While Defendants make multiple arguments throughout their many filings in this case in favor of ultimately dismissing the cause, their Motion specifically concerns the Texas attorney general’s [“AG”] capacity to sue Defendants in federal court for injunctive relief from their gaming activities. This issue has been thoroughly litigated in previous lawsuits involving the same parties. See Judge Eisele Order 691–95 (accepting and adopting two previous orders issued by Judge Hudspeth discussing the AG’s capacity to sue to enforce the Restoration Act). In summary, both Judge Eisele and Judge Hudspeth concluded that the Texas AG lacks capacity to bring suit on behalf of the State unless an affirmative grant of statutory authority empowers him or her to bring that specific type of suit. See Judge Eisele Order 693 (citing Texas v. Ysleta del Sur Pueblo, 79 F. Supp. 2d 708, 712 (W.D. Tex. 1999), aff’d sub nom. State v. Ysleta del Sur, 237 F.3d 631 (5th Cir. 2000)) (“The burden of proof rests with the AG to identify a source of power authorizing him to [bring suit] on behalf of the state.”).

However, both judges agreed that a suit to abate a common nuisance pursuant to Texas Civil Practice & Remedies Code § 125.002 provides a source of affirmative authority for the attorney general to sue on behalf of Texas. Id. Texas nuisance law provides that: “A suit to enjoin and abate a common nuisance ... may be brought by an individual, by the attorney general, or by a district, county, or city attorney.” Tex. Civ. Prac. & Rem. Code § 125.002. The nuisance statute provides that:
A person who maintains a place to which persons habitually go for the following purposes and who knowingly tolerates the activity and furthermore fails to make reasonable attempts to abate the activity maintains a common nuisance:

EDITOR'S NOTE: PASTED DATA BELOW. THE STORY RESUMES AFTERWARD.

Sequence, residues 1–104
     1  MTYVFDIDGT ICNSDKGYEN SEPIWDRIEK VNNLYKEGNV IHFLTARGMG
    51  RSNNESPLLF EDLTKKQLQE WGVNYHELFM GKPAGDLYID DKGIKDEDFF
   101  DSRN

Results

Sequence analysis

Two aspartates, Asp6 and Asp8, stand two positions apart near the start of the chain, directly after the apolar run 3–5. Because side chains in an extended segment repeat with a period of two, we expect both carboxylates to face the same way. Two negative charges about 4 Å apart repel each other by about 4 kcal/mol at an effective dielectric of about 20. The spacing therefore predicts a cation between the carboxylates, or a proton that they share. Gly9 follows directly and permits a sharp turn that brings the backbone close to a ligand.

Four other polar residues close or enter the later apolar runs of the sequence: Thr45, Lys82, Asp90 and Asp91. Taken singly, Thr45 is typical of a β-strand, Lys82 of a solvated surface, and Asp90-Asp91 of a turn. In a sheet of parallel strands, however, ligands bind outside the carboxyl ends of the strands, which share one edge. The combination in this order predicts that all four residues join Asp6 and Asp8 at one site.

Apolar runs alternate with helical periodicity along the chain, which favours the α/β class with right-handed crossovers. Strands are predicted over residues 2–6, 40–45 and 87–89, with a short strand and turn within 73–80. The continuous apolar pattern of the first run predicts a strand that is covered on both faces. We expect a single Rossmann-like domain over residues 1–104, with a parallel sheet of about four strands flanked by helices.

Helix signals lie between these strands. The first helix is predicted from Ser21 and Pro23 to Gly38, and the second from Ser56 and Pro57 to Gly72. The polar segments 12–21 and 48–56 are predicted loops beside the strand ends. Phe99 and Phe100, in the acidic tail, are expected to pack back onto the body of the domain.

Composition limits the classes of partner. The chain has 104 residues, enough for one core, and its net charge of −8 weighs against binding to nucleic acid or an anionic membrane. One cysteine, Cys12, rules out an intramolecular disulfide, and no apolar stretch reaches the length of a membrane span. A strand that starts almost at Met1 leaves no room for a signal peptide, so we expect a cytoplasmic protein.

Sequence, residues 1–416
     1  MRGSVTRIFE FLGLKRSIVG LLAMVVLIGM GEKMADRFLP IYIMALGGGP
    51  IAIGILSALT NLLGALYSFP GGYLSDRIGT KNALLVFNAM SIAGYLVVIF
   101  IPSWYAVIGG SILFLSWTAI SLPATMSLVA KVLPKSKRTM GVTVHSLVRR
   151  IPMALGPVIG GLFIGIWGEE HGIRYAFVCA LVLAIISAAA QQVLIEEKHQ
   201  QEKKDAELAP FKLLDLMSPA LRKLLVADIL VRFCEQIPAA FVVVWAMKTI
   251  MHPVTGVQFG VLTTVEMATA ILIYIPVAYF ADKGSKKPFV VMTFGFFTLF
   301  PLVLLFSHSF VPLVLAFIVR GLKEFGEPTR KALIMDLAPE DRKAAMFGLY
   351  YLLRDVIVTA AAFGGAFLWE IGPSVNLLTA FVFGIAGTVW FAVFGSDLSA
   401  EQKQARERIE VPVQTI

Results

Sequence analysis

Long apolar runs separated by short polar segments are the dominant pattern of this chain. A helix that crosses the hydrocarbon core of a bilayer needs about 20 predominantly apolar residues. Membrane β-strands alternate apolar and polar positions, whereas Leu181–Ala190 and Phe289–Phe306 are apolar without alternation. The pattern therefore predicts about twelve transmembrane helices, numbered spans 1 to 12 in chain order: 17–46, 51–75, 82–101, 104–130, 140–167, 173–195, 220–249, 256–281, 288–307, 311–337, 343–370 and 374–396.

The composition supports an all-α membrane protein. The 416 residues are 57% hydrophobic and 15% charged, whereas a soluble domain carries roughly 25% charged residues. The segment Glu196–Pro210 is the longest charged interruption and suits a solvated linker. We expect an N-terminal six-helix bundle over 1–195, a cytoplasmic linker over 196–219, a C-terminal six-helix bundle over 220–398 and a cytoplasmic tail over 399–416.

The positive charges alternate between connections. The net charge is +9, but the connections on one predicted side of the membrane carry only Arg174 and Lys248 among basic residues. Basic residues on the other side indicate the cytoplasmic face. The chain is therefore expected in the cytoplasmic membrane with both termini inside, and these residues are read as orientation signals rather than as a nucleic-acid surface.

(5) gambling, gambling promotion, or communicating gambling information as prohibited by the Penal Code[.]
Id. at § 125.0015. Thus, both judges ultimately held that the AG retained capacity to sue provided that he or she sought relief pursuant to Texas’s nuisance statute. Judge Eisele Order 676 n.5, 693.

In this case, Defendants once again renew their capacity to sue argument based on a 2017 amendment to the nuisance statute. The statute now provides, notwithstanding the fact that gaming in violation of Texas law is a nuisance, that “[t]his section does not apply to an activity exempted, authorized, or otherwise lawful activity regulated by federal law.” Tex. Civ. Prac. & Rem. Code § 125.015(e). Defendants claim that because Pueblo gaming is “exempted,” “authorized,” or an “otherwise lawful activity regulated by federal law,” it should no longer be considered a nuisance pursuant to state law. Mot. 7. Thus, they argue that the AG now lacks capacity to sue based on a nuisance stemming from Pueblo gaming activities and accordingly, that this suit should be dismissed. For the foregoing reasons, the Court disagrees and declines to dismiss the case.



Pursuant to Federal Rule of Civil Procedure 12(b)(6), a court may dismiss an action for “failure to state a claim upon which relief can be granted.” In determining whether a plaintiff states a valid claim, a court “accept[s] all well-pleaded facts as true and view[s] those facts in the light most favorable to the plaintiffs.” Gonzalez v. Kay, 577 F.3d 600, 603 (5th Cir. 2009) (quoting Dorsey v. Portfolio Equities, Inc., 540 F.3d 333, 338 (5th Cir. 2008)).

“To survive a motion to dismiss, a complaint must contain sufficient factual matter, accepted as true, to ‘state a claim to relief that is plausible on its face.’ ” Ashcroft v. Iqbal, 556 U.S. 662, 678 (2009) (quoting Bell Atl. Corp. v. Twombly, 550 U.S. 544, 570 (2007)). “A claim has facial plausibility when the plaintiff pleads factual content that allows the court to draw the reasonable inference that the defendant is liable for the misconduct alleged.” Id. A pleading that offers mere “labels and conclusions’... will not do,” especially when it simply tenders “ ‘naked assertion[s]’ devoid of ‘further factual enhancement.’ ” Id. (second alteration in original) (quoting Twombly, 550 U.S. at 555, 557).

In addressing a capacity claim, a Rule 12(b)(6) motion is appropriate “given that a court cannot grant relief to a party lacking capacity to sue.” Texas v. Ysleta del Sur Pueblo, 79 F. Supp. 2d at 712.